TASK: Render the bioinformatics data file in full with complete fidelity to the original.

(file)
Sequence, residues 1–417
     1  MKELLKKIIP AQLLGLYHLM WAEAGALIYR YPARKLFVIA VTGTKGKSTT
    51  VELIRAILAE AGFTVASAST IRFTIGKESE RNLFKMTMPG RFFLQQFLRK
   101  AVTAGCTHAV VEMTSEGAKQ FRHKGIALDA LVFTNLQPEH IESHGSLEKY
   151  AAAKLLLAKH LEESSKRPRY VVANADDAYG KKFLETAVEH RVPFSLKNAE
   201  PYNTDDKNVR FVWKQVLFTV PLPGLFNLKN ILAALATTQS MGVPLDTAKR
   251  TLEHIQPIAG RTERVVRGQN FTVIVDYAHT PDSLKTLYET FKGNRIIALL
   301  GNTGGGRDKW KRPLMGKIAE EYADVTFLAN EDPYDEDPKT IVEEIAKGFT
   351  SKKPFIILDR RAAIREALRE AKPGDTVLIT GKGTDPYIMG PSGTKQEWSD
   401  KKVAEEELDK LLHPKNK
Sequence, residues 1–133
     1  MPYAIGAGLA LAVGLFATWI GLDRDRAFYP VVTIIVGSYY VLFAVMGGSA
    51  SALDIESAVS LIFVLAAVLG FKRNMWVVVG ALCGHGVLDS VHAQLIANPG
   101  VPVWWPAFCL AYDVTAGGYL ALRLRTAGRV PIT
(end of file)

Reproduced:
Sequence, residues 1–417
     1  MKELLKKIIP AQLLGLYHLM WAEAGALIYR YPARKLFVIA VTGTKGKSTT
    51  VELIRAILAE AGFTVASAST IRFTIGKESE RNLFKMTMPG RFFLQQFLRK
   101  AVTAGCTHAV VEMTSEGAKQ FRHKGIALDA LVFTNLQPEH IESHGSLEKY
   151  AAAKLLLAKH LEESSKRPRY VVANADDAYG KKFLETAVEH RVPFSLKNAE
   201  PYNTDDKNVR FVWKQVLFTV PLPGLFNLKN ILAALATTQS MGVPLDTAKR
   251  TLEHIQPIAG RTERVVRGQN FTVIVDYAHT PDSLKTLYET FKGNRIIALL
   301  GNTGGGRDKW KRPLMGKIAE EYADVTFLAN EDPYDEDPKT IVEEIAKGFT
   351  SKKPFIILDR RAAIREALRE AKPGDTVLIT GKGTDPYIMG PSGTKQEWSD
   401  KKVAEEELDK LLHPKNK
Sequence, residues 1–133
     1  MPYAIGAGLA LAVGLFATWI GLDRDRAFYP VVTIIVGSYY VLFAVMGGSA
    51  SALDIESAVS LIFVLAAVLG FKRNMWVVVG ALCGHGVLDS VHAQLIANPG
   101  VPVWWPAFCL AYDVTAGGYL ALRLRTAGRV PIT